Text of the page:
Re: Entertainment or documentary?
> the US turning up rather late to the party being unsure whether Hitler was a good guy in the latter case.
Absolute tripe. The Americans got started on WW2 long before we did, by sending us Wallis Simpson.
890 posts • joined 26 Mar 2012
> the US turning up rather late to the party being unsure whether Hitler was a good guy in the latter case.
Absolute tripe. The Americans got started on WW2 long before we did, by sending us Wallis Simpson.
Why should we need to place our own personal bets when our governments have been placing massive multi-billion bets on this with our money for years? I'm forced to bet the CAGW alarmists are right every time I buy petrol or electricity or gas.
A quick trawl of our own archives reveals that Ohio is the stand-out state for sex with inanimate objects, with Tennessee holding its own in second place.
Sponsored: Ten Commandments of Bring Your Own Device
Hats off, guys. Hats off.
The conventional use of the chicken/egg analogy is to refer to an unresolvable conundrum, whereas Tim is using it here to refer to something where we could one day find out which one actually does come first. So, good analogy, then.
If you want a good estimate of how much of your house's value is the land and how much is the building, look at your buildings insurance. It covers the cost of rebuilding if the place is destroyed. You will notice that it is usually far lower than your house's price (although it can be far higher for a flat in a block or tenement). You will also notice that you don't have to change the amount insured when house prices in your area increase.
You know, I knew it was 20% now, but had somehow blocked that information from my mind when I was writing my earlier comment. The truth must have been too traumatic to confront.
> as if the gov was doing us a favour by not slapping us as hard as previously.
See also when the Chancellor "gives" us something in the budget by not raising the duty on it. Oo, thanks, Chancellor! Now, where will I spend it?
> I've not looked at VAT before, but a quick google shows us ... that VAT falls largely upon the customer. Not entirely sure why
There is some debate to be had about who ends up really paying for corporation tax and employer's national insurance and so on, but not with VAT: it is only paid by the end purchaser, not just effectively but literally, because everyone further up the supply chain either claims it back or doesn't pay it in the first place.
Fantastic! Can you move into my attic, then, please? It's £2,000,000 a week.
VAT is currently 17.5%. Most people avoid it occasionally; most people do not bother avoiding it most of the time; no-one avoids it all the time.
Could someone explain why a rate of 0.35% will have such stronger incentives than 17.5% that it would induce everyone to put up with massive inconvenience in order to avoid it absolutely all the time?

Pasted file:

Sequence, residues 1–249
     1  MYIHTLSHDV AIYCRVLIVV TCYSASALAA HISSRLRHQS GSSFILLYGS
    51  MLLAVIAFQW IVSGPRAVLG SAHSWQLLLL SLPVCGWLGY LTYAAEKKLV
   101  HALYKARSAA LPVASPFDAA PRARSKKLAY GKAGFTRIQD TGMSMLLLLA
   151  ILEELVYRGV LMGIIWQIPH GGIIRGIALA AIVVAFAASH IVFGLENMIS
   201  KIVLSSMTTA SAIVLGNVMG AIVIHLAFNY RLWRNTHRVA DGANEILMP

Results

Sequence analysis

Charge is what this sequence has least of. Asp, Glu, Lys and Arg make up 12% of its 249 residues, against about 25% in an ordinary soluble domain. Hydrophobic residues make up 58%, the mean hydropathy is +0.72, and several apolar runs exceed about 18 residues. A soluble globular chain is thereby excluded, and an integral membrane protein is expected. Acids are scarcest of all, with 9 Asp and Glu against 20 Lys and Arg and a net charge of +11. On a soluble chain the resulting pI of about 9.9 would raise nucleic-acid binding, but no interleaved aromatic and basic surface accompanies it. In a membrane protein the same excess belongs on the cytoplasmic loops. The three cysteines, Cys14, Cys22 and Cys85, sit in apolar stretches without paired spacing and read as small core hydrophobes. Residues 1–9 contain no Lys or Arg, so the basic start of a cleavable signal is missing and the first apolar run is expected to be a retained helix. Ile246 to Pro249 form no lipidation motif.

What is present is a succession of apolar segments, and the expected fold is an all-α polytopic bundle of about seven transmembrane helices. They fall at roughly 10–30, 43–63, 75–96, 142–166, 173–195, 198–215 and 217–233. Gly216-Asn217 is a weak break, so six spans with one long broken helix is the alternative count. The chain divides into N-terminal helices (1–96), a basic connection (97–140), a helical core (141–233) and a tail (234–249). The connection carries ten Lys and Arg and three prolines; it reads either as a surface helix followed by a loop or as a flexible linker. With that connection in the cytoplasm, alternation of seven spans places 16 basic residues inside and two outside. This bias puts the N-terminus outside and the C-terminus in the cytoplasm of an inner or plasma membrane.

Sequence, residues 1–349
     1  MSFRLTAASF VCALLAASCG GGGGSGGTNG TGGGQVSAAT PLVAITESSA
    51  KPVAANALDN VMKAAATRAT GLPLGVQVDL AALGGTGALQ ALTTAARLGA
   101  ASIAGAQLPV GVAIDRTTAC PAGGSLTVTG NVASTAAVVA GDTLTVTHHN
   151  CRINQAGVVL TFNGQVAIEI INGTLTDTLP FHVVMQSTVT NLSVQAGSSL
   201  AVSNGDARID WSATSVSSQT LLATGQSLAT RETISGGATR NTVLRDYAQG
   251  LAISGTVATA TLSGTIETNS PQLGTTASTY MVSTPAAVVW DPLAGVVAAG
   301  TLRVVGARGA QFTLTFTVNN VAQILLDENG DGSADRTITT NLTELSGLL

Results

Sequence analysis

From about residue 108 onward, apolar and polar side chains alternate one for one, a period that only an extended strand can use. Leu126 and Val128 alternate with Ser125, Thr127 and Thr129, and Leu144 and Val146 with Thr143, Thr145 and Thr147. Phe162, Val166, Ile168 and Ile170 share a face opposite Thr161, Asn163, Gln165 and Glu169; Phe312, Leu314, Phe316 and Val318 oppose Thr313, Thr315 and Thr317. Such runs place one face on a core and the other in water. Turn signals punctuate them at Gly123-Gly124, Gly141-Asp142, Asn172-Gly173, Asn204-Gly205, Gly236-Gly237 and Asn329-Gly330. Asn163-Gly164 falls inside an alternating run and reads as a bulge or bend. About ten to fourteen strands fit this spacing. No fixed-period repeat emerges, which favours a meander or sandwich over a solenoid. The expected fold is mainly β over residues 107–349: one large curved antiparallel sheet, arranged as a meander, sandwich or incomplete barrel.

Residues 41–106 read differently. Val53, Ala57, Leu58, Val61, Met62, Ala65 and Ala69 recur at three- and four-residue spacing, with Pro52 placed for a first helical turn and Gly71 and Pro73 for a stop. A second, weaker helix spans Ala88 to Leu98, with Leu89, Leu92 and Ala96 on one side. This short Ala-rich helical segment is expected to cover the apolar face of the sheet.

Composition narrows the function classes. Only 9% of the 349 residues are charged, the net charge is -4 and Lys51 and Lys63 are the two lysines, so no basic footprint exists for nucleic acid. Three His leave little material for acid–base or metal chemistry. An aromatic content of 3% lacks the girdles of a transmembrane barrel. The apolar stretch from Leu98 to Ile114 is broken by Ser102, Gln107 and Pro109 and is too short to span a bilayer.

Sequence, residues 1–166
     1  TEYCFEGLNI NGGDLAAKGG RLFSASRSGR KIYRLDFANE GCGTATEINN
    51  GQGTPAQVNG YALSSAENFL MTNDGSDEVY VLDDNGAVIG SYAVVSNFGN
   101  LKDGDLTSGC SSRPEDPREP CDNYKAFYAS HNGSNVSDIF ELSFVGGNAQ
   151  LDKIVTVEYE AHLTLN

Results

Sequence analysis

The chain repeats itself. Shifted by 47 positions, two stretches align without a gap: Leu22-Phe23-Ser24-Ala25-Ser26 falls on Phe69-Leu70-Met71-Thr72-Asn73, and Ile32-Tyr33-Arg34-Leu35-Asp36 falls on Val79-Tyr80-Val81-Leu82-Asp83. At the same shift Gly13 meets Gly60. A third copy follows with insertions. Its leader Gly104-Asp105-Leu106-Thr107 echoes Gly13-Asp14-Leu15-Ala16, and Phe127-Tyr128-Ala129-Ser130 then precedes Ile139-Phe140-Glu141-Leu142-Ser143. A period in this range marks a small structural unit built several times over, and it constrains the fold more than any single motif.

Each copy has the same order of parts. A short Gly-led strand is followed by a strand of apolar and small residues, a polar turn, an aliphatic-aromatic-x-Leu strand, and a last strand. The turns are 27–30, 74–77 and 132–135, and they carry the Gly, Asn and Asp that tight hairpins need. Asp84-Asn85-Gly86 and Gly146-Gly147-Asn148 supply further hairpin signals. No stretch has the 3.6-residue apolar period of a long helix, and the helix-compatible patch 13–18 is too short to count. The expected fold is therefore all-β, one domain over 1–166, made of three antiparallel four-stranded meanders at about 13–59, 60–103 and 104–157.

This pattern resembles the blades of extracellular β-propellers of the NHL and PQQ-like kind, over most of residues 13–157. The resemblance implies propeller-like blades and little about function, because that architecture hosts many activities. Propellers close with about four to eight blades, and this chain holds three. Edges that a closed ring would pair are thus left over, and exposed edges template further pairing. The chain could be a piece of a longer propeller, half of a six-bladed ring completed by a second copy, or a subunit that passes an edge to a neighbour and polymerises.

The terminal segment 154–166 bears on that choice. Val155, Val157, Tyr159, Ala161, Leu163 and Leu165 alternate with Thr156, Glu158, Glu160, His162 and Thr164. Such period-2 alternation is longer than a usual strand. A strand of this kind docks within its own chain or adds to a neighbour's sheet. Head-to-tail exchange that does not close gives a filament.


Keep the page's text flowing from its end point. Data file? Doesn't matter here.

We found that total body motion was a reliable indicator of guilt, and works about 75 per cent of the time.
I have a car that works about 75% of the time, and I'm always telling everyone how reliable it is.
> Oil analogy? When oil goes up, pump prices go up, and usually fail to come down again with any sort of promptness.
Well, this was in the news just recently, so we can check the figures.
Crude oil price dropped by ~25%. Oil is priced in dollars. Sterling dropped against the Dollar by ~7% over the same period. In the UK, the price of crude accounts for ~1/3 of the price of petrol (the rest being transport, refining, retail, duty, VAT). And UK petrol prices dropped by ~6%.
As for the promptness, there is of course a delay between dragging the black muddy crap out from under some seabed and putting the lovely clear stuff into your car thousands of miles away. How on Earth is that ever going to happen promptly?
Good point, but there's a big difference: take away the links, and Google has no content. Facebook wouldn't shut down their Spanish operation; they'd just stop posting excerpts from links posted in Spain -- and still have plenty of other content left.
> from encouraging the creation of works, encouraging investments in creative enterprises, safeguarding cultural expressions, protecting artistic integrity or even to just give creators "their due".
To be fair, the first, second, and fifth of those are achieved by encouraging trade. But good point anyway.
But, even if we assume that copyright exists to encourage trade, this bit is still silly:
The argument against levies is a fundamental one: copyright exists to encourage trade. If, instead of trading and market building ...
Trading what and building what market? The implication here appears to be that content producers, by asking for money for their content, are not trading and are not participating in a market. Surely that's the opposite of the truth. They are creating a market in which Google may participate in trade for their content. It is Google who are refusing to trade and are doing their damnedest to stop the market being built.